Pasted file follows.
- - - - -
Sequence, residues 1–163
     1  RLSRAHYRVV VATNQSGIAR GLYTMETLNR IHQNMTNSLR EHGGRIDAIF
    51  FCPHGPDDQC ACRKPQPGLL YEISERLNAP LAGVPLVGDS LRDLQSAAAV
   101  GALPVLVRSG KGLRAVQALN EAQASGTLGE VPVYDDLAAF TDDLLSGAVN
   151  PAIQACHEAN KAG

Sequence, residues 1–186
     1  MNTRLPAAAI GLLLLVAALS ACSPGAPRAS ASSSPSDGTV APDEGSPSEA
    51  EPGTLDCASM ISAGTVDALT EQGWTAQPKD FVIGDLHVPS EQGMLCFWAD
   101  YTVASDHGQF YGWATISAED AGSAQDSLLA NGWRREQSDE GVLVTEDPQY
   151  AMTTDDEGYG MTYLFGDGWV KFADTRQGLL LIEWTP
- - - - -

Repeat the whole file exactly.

Sequence, residues 1–163
     1  RLSRAHYRVV VATNQSGIAR GLYTMETLNR IHQNMTNSLR EHGGRIDAIF
    51  FCPHGPDDQC ACRKPQPGLL YEISERLNAP LAGVPLVGDS LRDLQSAAAV
   101  GALPVLVRSG KGLRAVQALN EAQASGTLGE VPVYDDLAAF TDDLLSGAVN
   151  PAIQACHEAN KAG

Sequence, residues 1–186
     1  MNTRLPAAAI GLLLLVAALS ACSPGAPRAS ASSSPSDGTV APDEGSPSEA
    51  EPGTLDCASM ISAGTVDALT EQGWTAQPKD FVIGDLHVPS EQGMLCFWAD
   101  YTVASDHGQF YGWATISAED AGSAQDSLLA NGWRREQSDE GVLVTEDPQY
   151  AMTTDDEGYG MTYLFGDGWV KFADTRQGLL LIEWTP